hormone (hor'mon?) [Gr. horman, to excite, urge on]
1. A substance originating in an organ, gland, or body part, conveyed through the blood to another body part, and chemically stimulating that part to increase or decrease functional activity or to increase or decrease secretion of another hormone.
The secretion of the ductless glands, e.g., insulin from the pancreas. See: endocrine glandhormonal
adrenocortical hormone Abbreviation: ACH
A hormone (such as aldosterone or cortisol) secreted by the cortex of the adrenal gland. Synonym: cortical hormone See: adrenal gland
adrenocorticotropic hormone Abbreviation: ACTH
A hormone that is secreted by the anterior lobe of the pituitary gland and controls the development and functioning of the adrenal cortex, including its secretion of glucocorticoids and androgens. Synonym: corticotropin
Any of several hormones (such as epinephrine and norepinephrine) produced by the adrenal medulla.
anterior pituitary hormone
Any of several hormones secreted by the anterior lobe of the pituitary, including corticotropin, follicle-stimulating hormone, gonadotropin, growth hormone, luteinizing hormone, melanocyte-stimulating hormone, prolactin, and thyrotropin.
antidiuretic hormone Abbreviation: ADH
A peptide hormone that plays a crucial role in limiting the amount of water excreted by the kidneys. Deficiency of ADH causes central diabetes insipidus, excess causes water retention and hyponatremia. Synonym: vasopressin
ADH is produced by the hypothalamus and stored in the posterior pituitary gland; it is secreted when the osmolarity of plasma rises. Secretion of ADH increases the concentration of the urine by preventing water losses from the renal tubules. ADH also causes constriction of arterioles (raising blood pressure) and increases levels of clotting factor VIII. ADH can be administered to patients in cardiac arrest as an alternative to epinephrine.
atrial natriuretic hormoneAtrial natriuretic factor.
bioidentical natural hormoneBioidentical synthetic hormone.
bioidentical synthetic hormone Abbreviation: BSH
A compound extracted from plants or formulated in the laboratory and used to replace or increase concentrations of hormones found in the body. The most commonly manufactured and marketed BSHs are the sex steroid hormones (estrogen, progesterone, and testosterone). Synonym: bioidentical natural hormone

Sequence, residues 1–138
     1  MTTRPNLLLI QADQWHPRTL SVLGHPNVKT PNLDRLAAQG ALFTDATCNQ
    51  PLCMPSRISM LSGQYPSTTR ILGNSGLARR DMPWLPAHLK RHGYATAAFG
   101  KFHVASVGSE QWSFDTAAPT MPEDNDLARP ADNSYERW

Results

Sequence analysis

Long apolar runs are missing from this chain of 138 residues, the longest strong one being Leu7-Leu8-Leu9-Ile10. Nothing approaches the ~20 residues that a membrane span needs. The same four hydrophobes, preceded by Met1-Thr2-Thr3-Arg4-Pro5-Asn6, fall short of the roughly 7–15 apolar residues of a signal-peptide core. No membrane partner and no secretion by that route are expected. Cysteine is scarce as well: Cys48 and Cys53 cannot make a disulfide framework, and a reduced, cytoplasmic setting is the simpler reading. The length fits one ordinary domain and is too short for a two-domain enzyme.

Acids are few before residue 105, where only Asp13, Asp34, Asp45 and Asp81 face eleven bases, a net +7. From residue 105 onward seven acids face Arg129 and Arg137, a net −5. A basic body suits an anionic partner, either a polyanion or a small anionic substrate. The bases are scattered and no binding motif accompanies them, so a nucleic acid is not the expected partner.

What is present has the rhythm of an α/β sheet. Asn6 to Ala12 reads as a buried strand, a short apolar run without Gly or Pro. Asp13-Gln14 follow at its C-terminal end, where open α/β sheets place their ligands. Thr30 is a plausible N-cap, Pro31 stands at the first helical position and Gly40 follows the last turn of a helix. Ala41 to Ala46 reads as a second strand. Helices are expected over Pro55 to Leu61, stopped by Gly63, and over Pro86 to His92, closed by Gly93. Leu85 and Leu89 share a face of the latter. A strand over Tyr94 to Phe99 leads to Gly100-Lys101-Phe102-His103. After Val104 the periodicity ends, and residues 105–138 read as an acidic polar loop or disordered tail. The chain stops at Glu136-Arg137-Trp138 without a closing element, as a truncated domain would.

corpus luteum hormoneProgesterone.
cortical hormoneAdrenocortical hormone.
corticotropin-releasing hormone Abbreviation: CRH
A hormone that is released from the hypothalamus and acts on the anterior pituitary to increase secretion of adrenal corticotropin hormone. In response to stress, CRH causes hyperglycemia, increased oxygen consumption, increased cardiac output, and decreased sexual activity; suppresses release of growth hormone; diminishes gastrointestinal function; stimulates respiration; and causes behavioral changes. Synonym: corticotropin-releasing factor
Any of the hormones that oppose the effects of insulin. They include glucagon, epinephrine, norepinephrine, cortisol, and growth hormone.
Any of a group of hormones produced by the stomach or small intestinal mucosa and stimulating various tissues to release enzymes, produce fluids, or affect gastrointestinal motility. They include gastrin, motilin, secretin, cholecystokinin, and vasoactive intestinal peptide.
follicle-stimulating hormone Abbreviation: FSH
A hormone that is secreted by the anterior lobe of the pituitary and stimulates maturation of the ovarian follicles in women. In men, the hormone is important in maintaining spermatogenesis.
follicle-stimulating hormone releasing hormone Abbreviation: FSH-RH
A hormone from the hypothalamus that regulates release of follicle-stimulating hormone.
gonadotropic hormone, gonadotrophic hormoneGonadotropin.
gonadotropin-releasing hormone Abbreviation: Gn-RH
The hormone produced in the hypothalamus that causes the pituitary to release luteinizing hormone and follicle-stimulating hormone. This hormone is used in treating endometriosis. Synonym: luteinizing hormone-releasing hormone
growth hormone Abbreviation: GH
A hormone secreted by the anterior pituitary and regulating the cell division and protein synthesis necessary for normal growth. It is a protein made from a single chain of amino acids; molecular weight 22 kDa. Synonym: somatotropin